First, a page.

Groningen(redirected from Groningen, Germany)
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Groningen(grō`nĭng-ən), province (1994 pop. 556,600), c.900 sq mi (2,330 sq km), NE Netherlands, bordering on Germany in the east and the North Sea in the north. GroningenGroningen,
city (1994 pop. 170,535), capital of Groningen prov., NE Netherlands. It is an important trade and transportation center. Manufactures include clothing, food products, furniture, and machinery.
..... Click the link for more information. is the capital of the province, which has both an agricultural and industrial economy. There is a fertile coastal strip; the interior consists largely of reclaimed fenland and peat bogs and is drained by numerous canals. Vast reserves of natural gas were discovered there in 1961. In 1536, Charles V, the Hapsburg ruler, added Groningen to his Netherlands possessions. During the revolt of the Netherlands against Spain, the nobles living in the province's countryside signed the Union of Utrecht in 1579. The capital, however, remained loyal to the Hapsburgs until 1594.
Groningen,city (1994 pop. 170,535), capital of Groningen prov., NE Netherlands. It is an important trade and transportation center. Manufactures include clothing, food products, furniture, and machinery. Among its prominent industries are sugar refining, book printing, and tobacco processing. In the 11th cent., Groningen came under the temporal power of the bishops of Utrecht. It soon rose to prominence and in the 12th cent. supplied ships for the Crusades. In 1284 it joined the Hanseatic LeagueHanseatic League
, mercantile league of medieval German towns. It was amorphous in character; its origin cannot be dated exactly. Originally a Hansa was a company of merchants trading with foreign lands.
..... Click the link for more information. and later gained control over the central section of FrieslandFriesland
, province (1994 pop. 607,000), c.1,325 sq mi (3,430 sq km), N Netherlands. Leeuwarden is the capital. The province includes several of the West Frisian Islands along the North Sea coast and borders on the IJsselmeer in the southwest.
..... Click the link for more information. , which now constitutes Groningen prov. The city remained loyal to the Hapsburgs at the beginning of the revolt of the Netherlands against Spain, but was captured by the Dutch under Maurice of Nassau in 1594. A picturesque city, Groningen has several churches, notably the Martinikerk (15th cent.) and the Nieuwe Kerk (17th cent.), as well as the Groniger Museum of Art and many other museums. It is also the site of the Univ. of Groningen (1614).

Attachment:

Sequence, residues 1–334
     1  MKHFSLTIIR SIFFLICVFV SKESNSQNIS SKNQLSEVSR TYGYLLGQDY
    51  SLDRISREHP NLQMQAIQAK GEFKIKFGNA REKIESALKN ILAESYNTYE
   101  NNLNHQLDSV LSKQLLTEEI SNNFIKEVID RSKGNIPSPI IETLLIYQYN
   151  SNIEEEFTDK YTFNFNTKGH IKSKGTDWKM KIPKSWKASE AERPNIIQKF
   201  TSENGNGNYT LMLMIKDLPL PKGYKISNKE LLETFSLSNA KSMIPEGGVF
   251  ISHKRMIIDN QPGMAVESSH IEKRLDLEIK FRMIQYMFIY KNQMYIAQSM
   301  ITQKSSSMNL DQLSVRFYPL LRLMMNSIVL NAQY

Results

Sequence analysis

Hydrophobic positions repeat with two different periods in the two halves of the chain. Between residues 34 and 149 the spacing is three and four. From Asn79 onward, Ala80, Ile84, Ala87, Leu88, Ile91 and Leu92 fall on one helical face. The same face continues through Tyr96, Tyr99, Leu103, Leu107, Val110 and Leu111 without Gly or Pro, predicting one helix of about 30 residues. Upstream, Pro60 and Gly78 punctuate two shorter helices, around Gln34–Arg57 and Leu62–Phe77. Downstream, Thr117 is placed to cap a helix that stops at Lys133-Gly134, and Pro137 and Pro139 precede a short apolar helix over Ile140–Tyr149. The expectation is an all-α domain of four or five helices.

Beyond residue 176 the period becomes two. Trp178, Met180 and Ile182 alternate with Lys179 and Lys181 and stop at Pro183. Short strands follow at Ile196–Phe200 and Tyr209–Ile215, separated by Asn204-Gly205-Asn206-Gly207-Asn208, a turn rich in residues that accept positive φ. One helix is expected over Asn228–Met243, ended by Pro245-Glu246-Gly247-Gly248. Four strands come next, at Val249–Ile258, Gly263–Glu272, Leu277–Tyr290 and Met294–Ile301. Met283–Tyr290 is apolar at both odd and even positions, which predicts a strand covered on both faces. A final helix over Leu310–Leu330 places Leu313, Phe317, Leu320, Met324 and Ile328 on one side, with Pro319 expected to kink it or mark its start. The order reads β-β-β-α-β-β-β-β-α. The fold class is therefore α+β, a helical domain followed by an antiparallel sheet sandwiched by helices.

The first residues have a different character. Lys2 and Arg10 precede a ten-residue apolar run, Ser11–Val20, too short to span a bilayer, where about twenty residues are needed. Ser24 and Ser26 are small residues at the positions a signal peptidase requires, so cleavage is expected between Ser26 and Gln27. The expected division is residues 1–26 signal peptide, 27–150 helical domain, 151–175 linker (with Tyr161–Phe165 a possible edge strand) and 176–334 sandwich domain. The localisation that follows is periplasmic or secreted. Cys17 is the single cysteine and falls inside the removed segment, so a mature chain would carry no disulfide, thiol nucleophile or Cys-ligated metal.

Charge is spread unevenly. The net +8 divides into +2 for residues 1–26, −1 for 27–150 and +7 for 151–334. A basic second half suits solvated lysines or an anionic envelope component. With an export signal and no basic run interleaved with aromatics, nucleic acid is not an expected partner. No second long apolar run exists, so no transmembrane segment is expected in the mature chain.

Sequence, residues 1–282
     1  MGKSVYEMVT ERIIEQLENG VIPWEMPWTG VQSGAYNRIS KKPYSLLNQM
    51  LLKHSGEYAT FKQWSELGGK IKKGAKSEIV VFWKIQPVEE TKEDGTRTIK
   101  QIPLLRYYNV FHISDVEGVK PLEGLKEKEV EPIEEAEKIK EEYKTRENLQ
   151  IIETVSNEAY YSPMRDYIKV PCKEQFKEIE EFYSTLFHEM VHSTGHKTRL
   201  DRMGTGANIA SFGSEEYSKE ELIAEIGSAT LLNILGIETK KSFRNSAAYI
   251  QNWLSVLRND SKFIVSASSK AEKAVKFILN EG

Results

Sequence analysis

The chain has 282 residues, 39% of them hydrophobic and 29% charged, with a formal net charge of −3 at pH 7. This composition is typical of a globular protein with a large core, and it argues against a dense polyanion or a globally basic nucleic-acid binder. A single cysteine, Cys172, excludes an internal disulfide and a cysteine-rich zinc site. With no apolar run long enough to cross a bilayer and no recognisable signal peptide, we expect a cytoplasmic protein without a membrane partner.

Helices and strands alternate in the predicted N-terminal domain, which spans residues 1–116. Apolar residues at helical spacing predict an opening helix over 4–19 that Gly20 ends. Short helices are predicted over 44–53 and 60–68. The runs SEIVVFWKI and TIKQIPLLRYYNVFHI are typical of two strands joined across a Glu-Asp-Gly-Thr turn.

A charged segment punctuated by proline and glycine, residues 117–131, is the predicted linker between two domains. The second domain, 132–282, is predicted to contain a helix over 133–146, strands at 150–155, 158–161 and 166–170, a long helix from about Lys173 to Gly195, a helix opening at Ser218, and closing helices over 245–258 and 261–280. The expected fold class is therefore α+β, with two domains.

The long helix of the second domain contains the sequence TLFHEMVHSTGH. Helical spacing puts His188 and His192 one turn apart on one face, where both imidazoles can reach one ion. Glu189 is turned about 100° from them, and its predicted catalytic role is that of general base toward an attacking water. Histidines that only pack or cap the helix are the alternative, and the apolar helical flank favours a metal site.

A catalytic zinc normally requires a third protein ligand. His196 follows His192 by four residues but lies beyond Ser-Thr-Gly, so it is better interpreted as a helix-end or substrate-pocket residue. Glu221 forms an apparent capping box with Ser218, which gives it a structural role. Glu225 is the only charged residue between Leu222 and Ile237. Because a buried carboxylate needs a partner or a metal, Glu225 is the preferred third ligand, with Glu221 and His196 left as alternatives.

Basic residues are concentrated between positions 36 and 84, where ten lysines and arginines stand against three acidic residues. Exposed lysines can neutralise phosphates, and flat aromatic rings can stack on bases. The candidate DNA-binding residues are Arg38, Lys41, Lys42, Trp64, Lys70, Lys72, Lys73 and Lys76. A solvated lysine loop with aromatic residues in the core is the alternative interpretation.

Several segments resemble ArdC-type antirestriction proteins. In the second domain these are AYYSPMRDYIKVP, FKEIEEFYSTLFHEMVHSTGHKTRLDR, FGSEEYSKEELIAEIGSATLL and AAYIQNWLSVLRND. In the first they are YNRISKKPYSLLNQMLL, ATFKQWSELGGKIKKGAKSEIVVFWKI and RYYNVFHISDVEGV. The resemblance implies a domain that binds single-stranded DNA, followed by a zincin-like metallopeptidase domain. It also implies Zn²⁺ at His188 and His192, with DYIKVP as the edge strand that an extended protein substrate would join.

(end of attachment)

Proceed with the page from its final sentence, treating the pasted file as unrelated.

a province in the Netherlands. Area, 2.300 sq km. Population, 517,000 (1970). Its administrative center is the city of Groningen. Agriculture is the basis of its economy. Among the crops grown are wheat, oats, barley, rye, potatoes (Groningen and the province of Drenthe produce 30 percent of all exports of seed potatoes and starch in the capitalist world), sugar beets, and flax. The Slochteren region has one of the most important deposits of natural gas in Europe (1.900 billion cu m, according to a 1967 estimate). The Winschoten region produces table salt. (The solution moves by pipe to Delfzijl.) The province also has some metal-working and food industry.
a city in the northeastern Netherlands. Administrative center of Groningen Province. In 1970 it had a population of 168,800 (199,800 counting the surrounding areas). It is a transportation center, with canals to Dollart Bay, Wadden Zee, and IJsselmeer. It has food (mainly sugar), tobacco, clothing, and metalworking industries and also important chemical and printing enterprises. The first record of the city dates from the 11th century; in 1284 it joined the Hanseatic League. Its university dates from 1614. The city has a rectangular network of streets and a ring of boulevards on the site of fortifications of the 17th century. The Grote Markt and Vischmarkt squares are in the center of the city. The Martinikerk and the Akerk are Gothic churches dating from the 15th century. The town hall (1802–10, architect J. O. Husly) is in the classical style. In the mid-20th century many new residential areas and office buildings have been built in the modern style.